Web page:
2020 was always going to see a marker set in the history of the huge Hull family firm as it opened its £30 million National Distribution Centre and saw a new city centre headquarters start to emerge.
But those at the helm of the 134-year-old firm found themselves thrust into a frustrating and frenetic pandemic situation when they were in the box seat to deliver.
Overlooked by government despite being the UK market leader - and more than good enough for the Scottish NHS with whom it secured a huge contract - Arco, like many, also had to close one third of the business down - then restart it - while taking the extraordinary step of chartering 10 planes to bring vital items of personal protective equipment in from trusted suppliers.
While Mr Evison desperately hopes lessons will be learned in Westminster from the handling of the PPE scandal, the unprecedented events of the past year have underlined the family firm’s strength. It was also a stroke of good fortune that the huge state-of-the-art shed - vital capacity as the UK needed a master distributor - completed at the right time, even if Arco, and clearly the Department for Health and Social Care, didn’t realise just how quickly it would be put through its paces.
“Our existing customers were front-of-mind in all the decisions we have taken,” Mr Evison said. “A lot of companies sold their souls to get good contracts, we shut the business down with the intention to make sure we got supplies for existing customers.
“We have been around for 134 years, and what was really important was we could keep clients supplied when supplies were pretty short.
Our focus was to make sure we could get the supply. Food production, industrial production, are strong sectors for us, and we are the warehouse for those companies, relied upon, so it was critical to do that. Any excess was here for front line workers, yet out of it all, we were 0.07 per cent of supply. It was a whole area of frustration.”
Thomas Martin, chairman of Arco, and the position paper it has produced.
Arco’s credentials were clear - not just from the stated position, released last month - subsequently picked up in a parliamentary analysis of the hard-hitting National Audit Office review - but similar scenarios that should have acted as a playbook.
“We are able to guarantee strong supply because we own the supply chain that starts in China. We don’t just source a manufacturer, we have a team there and we make sure we understand products are ethically sourced, the workforce is treated properly and more importantly, that goods are compliant,” Mr Evison said, of the 10-strong Arco workforce in the Far East.
Laboratory services are embedded within the operation. It has published technical papers on the right equipment for the right environment, while working with the likes of London Eye, the BBC and Ericsson on service contracts.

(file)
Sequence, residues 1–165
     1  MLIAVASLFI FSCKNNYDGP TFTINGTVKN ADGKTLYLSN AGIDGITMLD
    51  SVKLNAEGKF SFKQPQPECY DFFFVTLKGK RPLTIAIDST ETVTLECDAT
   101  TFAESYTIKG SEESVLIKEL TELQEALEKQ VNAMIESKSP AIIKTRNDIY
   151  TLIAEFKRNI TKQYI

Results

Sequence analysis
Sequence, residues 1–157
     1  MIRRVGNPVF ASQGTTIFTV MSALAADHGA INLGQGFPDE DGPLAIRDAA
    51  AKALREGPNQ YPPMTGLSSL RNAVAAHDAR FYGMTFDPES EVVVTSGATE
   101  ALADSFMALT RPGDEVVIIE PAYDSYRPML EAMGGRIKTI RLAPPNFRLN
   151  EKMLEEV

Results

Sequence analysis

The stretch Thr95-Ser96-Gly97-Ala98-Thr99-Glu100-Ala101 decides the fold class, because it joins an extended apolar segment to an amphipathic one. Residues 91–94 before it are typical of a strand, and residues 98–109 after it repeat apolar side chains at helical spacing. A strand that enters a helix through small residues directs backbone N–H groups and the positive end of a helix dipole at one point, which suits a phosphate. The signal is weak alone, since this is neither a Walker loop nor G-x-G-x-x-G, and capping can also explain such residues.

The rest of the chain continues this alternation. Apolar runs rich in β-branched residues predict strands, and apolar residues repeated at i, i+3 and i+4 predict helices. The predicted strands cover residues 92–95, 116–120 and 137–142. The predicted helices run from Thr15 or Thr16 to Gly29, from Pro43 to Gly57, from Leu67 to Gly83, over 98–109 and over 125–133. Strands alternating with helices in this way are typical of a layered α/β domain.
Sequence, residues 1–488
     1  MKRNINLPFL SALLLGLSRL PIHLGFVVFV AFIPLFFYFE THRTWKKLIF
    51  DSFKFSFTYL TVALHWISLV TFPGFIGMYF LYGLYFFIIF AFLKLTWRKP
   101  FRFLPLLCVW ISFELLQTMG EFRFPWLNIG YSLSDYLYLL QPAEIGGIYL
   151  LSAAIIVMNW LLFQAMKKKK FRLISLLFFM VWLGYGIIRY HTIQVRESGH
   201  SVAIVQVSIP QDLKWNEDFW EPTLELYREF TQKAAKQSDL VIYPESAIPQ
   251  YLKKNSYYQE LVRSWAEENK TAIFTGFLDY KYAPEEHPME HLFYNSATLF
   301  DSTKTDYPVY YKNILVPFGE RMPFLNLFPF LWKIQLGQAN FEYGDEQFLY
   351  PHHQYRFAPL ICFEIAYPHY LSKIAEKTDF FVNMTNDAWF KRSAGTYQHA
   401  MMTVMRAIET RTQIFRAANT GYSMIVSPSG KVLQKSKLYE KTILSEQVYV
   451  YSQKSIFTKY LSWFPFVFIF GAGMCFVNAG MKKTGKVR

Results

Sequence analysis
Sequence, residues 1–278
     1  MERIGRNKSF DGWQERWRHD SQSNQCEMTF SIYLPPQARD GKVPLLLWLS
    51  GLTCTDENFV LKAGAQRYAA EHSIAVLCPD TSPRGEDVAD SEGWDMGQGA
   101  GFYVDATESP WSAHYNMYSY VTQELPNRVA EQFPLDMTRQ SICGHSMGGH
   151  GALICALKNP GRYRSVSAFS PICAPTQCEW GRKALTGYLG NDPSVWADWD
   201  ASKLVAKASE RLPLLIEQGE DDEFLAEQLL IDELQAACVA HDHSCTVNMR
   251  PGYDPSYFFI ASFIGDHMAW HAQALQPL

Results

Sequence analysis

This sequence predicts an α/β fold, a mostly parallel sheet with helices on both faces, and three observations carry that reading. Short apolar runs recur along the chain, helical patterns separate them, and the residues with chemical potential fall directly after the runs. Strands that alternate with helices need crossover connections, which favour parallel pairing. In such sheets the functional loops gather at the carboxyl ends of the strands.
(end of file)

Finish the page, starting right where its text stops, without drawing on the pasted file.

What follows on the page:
“We don’t just buy and sell it, we use it, train it, work with it,” he said. “That’s why we can talk about safety.”
And this is where the issue with government procurement - raised in a positioning statement released by chairman Thomas Martin and then in Westminster debate by constituency MP Emma Hardy - has been tough to take.
“My biggest issue after this pandemic is that we worry the government - if it is issuing contracts with unknown entities - is not prioritising compliance and safety. Everyone asks if I’m disappointed we didn’t get the contacts, but my biggest issue for me is the health and safety of the market place being diminished by decisions made.
“It is like an MoT on a car, you rely on it to know the brakes are good. If you put a mask on you need to rely on it, the workforce needs to rely on it.
“It is critical to me that health and safety compliance and enforcement is maintained.
“We offered our resource. We wrote to the government offices, involved direct contacts with procurement teams, offered what products we had, offered our expertise and offered our supply chain - we never got a response.
“We did participate in three contracts, we’ve provided respirators for ICU and that was a really thorough process.
“We helped through Ebola, we helped through foot-and-mouth, and we helped through swine flu - it is not as if we weren’t known. We have been very public and helped support government response, yet for whatever reason they took a very different approach.
“At the time it was difficult, we had just come out of Chinese New Year, getting to speak to anyone was tough.
“We chartered 10 planes - we had a 747 with 20 million masks on board - not something in February I thought I’d be doing in May.”
The fact stock sat idle as wards relied on the likes of pivoting 3D printers irks. But the bond with customers has strengthened and the role deepened as it continually met demand.
And with such cargoes touching down at Stansted, the need for the National Distribution Centre couldn't have been clearer than the blue light it was bathed in for recognition of the key workers it served - or wanted to.
“We assumed it was to be a five to 10 year period before it was full,” Mr Evison said of the expansion alongside the A63 entrance to Hull. “It went very quickly from taking a walk around in February wondering how we would fill the place.
On the ground: Part of the first consignment of 19 million face masks ordered by Arco.
“What this has done in the short term has filled it, and in the long term we will end up holding a bit more stock. Strategic partnerships are really important for us to hold stock f